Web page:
We are reminded of the “big picture” view of contract management in a recent post from Tim Cummins, the prolific blogger on the topic as CEO of the International Association for Contract & Commercial Management (IACCM). In a recent blog Contract Management: Lot’s of focus, but what is ‘good’? Cummins notes there has been a surge of interest in contract management in recent years.
The surge of interest, Cummins notes, has resulted in organizations that try to “professionalize” their contract management staff by trying to improve their effectiveness and efficiency. But this alone is no guarantee of successful contract management; indeed, what does “good” contract management mean?
Cummins then goes on to make a key observation that’s worth extra emphasis. Successful contract management really depends on the goal or desired outcome: what is its true purpose in the organization? He then notes three types of goals:
* “Improve the bottom line”
* “Ensure greater agility and flexibility”
* “Compliance and control”
Alternatively, one can think of these phrases as different kinds of efficiency outcomes:
* Cost-efficient outcomes
* Operationally efficient outcomes
* Regulatory/compliance-efficient outcomes
Thinking of your organization’s goals when thinking about how to improve or better-organize your contract management efforts can be a helpful exercise.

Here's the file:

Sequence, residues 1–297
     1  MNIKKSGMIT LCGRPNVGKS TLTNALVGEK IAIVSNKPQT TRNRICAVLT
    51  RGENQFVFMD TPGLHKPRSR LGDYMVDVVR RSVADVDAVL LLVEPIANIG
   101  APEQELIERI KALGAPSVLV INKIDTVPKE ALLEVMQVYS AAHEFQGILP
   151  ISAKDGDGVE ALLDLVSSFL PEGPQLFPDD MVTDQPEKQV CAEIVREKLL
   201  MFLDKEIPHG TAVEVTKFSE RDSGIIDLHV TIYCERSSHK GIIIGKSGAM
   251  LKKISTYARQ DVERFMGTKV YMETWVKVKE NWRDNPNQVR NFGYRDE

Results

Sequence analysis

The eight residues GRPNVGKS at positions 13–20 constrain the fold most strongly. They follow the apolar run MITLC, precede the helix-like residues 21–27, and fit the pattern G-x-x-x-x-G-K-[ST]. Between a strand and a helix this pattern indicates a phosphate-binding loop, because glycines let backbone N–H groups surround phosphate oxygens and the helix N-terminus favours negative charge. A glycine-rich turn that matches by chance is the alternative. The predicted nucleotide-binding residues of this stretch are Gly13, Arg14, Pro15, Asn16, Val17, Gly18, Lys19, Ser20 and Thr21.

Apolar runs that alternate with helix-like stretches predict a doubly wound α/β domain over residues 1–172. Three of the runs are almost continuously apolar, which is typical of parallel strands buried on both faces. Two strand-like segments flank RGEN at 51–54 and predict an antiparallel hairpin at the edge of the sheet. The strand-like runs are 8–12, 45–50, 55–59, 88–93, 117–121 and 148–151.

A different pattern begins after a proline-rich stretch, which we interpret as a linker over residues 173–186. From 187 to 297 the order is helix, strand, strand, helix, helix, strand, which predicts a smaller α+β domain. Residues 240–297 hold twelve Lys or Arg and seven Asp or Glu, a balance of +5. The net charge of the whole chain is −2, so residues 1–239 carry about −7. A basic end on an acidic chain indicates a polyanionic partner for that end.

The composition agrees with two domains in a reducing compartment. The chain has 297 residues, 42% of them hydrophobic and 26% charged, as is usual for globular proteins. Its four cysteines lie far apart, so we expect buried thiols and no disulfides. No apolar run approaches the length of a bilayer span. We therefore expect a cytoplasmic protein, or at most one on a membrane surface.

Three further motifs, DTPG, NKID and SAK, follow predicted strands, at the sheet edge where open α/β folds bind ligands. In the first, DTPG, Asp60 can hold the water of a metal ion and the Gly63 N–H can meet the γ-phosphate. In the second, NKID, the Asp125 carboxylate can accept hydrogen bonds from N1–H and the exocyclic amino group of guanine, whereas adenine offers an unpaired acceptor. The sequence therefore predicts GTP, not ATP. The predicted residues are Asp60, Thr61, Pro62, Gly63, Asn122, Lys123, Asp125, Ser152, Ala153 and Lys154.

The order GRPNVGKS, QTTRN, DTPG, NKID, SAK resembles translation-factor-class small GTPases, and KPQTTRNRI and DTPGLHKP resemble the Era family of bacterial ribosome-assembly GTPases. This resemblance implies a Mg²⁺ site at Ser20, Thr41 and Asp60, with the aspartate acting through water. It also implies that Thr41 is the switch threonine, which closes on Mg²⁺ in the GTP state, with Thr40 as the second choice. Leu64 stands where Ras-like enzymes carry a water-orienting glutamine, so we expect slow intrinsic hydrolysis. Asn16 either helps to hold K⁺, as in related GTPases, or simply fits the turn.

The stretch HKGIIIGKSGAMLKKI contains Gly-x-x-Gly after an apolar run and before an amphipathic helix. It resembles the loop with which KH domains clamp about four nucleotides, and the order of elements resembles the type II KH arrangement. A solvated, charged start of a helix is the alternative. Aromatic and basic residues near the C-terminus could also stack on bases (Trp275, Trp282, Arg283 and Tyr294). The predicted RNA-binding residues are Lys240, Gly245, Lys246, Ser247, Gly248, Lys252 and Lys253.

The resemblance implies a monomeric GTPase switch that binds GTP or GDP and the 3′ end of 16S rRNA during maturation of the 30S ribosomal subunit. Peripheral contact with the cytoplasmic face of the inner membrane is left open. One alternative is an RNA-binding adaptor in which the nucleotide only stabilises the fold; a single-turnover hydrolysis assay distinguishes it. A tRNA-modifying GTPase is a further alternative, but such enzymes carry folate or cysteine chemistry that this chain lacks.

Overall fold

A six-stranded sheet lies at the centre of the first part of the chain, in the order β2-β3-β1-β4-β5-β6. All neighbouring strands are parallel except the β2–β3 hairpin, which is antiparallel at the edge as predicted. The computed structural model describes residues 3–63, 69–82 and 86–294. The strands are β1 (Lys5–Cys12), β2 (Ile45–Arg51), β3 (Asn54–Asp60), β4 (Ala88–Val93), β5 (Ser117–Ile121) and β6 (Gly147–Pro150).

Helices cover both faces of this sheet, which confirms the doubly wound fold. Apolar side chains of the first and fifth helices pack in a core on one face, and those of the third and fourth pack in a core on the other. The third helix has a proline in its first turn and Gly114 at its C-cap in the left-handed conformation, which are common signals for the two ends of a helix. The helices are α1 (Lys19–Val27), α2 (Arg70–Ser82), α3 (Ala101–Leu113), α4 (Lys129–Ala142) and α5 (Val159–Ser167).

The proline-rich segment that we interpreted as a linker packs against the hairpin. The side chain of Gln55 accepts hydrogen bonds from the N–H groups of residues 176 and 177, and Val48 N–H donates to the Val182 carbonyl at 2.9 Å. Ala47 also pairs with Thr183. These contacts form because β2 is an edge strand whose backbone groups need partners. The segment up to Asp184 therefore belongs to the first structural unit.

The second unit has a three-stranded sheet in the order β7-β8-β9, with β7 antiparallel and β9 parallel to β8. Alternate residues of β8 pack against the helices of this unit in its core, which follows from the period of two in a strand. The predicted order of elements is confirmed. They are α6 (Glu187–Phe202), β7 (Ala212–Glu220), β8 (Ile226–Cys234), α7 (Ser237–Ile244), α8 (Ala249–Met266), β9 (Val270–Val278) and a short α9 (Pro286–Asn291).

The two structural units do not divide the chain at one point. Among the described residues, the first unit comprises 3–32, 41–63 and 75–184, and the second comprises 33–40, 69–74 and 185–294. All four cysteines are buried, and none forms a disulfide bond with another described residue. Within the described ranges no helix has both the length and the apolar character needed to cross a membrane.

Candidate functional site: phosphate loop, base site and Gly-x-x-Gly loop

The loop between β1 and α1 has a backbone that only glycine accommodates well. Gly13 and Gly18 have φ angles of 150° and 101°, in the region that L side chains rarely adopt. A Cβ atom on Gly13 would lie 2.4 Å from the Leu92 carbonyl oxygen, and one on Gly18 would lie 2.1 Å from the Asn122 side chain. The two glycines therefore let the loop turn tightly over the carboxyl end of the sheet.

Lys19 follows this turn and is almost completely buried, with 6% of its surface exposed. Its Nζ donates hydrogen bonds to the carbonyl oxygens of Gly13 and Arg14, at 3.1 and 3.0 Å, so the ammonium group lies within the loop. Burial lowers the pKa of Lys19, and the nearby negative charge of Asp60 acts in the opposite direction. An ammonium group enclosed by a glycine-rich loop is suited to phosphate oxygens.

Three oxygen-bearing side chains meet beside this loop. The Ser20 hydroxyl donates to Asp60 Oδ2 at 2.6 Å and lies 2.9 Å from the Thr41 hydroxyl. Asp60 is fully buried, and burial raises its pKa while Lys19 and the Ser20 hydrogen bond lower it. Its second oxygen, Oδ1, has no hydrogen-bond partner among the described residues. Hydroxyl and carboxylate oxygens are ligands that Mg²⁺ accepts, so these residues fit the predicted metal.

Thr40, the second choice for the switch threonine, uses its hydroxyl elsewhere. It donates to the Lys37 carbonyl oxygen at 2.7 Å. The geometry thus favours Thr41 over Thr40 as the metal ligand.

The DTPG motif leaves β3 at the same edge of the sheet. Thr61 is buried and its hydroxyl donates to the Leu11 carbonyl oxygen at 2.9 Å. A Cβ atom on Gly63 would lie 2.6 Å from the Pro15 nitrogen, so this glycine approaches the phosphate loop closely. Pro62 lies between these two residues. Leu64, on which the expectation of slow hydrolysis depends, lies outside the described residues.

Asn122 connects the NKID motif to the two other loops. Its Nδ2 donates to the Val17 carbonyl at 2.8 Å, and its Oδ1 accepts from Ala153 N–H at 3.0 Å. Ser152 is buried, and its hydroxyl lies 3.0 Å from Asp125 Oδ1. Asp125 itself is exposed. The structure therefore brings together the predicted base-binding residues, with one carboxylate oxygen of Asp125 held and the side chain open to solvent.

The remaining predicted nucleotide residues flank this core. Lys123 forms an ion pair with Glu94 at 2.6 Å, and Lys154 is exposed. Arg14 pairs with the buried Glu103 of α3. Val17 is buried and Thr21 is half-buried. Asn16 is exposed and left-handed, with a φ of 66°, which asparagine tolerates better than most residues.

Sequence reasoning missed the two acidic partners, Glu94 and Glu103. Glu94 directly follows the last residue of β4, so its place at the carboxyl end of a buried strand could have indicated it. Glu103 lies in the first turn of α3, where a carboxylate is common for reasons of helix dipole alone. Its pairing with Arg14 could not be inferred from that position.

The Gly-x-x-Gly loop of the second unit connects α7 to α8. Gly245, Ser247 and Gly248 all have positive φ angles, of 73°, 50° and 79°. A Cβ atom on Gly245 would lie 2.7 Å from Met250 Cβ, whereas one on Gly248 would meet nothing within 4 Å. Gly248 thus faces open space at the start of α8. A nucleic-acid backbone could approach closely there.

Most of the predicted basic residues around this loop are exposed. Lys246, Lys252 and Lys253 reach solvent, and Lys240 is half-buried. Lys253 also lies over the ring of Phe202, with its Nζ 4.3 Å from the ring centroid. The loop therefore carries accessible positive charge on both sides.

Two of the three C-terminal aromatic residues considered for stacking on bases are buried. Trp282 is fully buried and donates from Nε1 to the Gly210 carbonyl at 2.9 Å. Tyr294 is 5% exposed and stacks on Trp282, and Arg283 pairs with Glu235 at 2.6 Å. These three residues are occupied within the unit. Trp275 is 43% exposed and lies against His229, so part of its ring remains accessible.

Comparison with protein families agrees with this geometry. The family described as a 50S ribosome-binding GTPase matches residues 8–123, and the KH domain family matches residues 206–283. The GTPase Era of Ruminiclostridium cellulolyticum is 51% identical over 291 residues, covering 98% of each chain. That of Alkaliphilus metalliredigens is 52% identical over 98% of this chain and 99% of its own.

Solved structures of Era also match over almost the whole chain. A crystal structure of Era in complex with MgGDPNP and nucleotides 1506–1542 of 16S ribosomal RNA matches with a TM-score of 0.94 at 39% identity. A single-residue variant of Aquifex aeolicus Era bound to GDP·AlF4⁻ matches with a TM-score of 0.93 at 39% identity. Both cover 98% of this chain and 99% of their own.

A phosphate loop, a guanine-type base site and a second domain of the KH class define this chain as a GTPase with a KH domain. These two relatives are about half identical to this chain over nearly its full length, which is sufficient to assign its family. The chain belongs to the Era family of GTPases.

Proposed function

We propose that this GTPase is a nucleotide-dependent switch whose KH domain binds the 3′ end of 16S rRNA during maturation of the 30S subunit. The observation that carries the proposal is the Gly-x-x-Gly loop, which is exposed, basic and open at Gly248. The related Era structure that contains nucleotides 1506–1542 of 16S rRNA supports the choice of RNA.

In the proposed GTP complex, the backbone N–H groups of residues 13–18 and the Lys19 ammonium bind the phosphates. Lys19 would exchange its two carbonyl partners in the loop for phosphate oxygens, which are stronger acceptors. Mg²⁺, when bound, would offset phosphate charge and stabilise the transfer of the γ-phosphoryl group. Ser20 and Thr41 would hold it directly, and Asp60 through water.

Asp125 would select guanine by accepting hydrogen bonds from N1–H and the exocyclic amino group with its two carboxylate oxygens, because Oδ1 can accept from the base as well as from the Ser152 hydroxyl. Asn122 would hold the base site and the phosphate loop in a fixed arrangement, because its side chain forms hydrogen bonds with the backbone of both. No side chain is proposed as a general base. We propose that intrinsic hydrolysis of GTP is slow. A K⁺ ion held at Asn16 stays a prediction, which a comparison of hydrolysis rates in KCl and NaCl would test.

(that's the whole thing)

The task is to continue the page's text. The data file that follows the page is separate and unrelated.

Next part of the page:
For instance, if your company knows that revenue or operational dollars are being lost due to supplier or contract commitment problems, your contract management team’s focus is going to be cost and performance issues.
This means paying special attention to recording and sharing all financial aspects of a contract as well as performance reports. A contract management database, after all, is the best place to store information that may come in from several departments: audit, accounting, accounts payable, etc.
If your company is aware of problems created by slow responses to changing conditions with key suppliers or customers, agility should become the key focus of your contract management team. This may mean paying special attention to gathering information in the contract management database on performance reviews that can help identify which suppliers or partners are able to actively problem solve – and which aren’t.
The point isn’t to task your team with identifying winners and losers; it’s to gather and review information that can inform management’s view of how suppliers and business partners react to changing conditions.
If your industry is heavily regulated, or needs to pay particular attention to regulatory requirements, focusing on compliance and control is going to be a priority.
Knowing this as a goal, then, should inform the training and task management of your contract management admins and staff. Are there reporting requirements that contract management staff should be aware of and support? Should they be aware of information storage requirements? Having contract management staff in the loop on compliance issues may help improve company-wide compliance.
Of course, for many businesses or industries all three outcomes are desired, though to varying degrees. Thinking of types of outcome, however, may be a good exercise to organize your contract management efforts.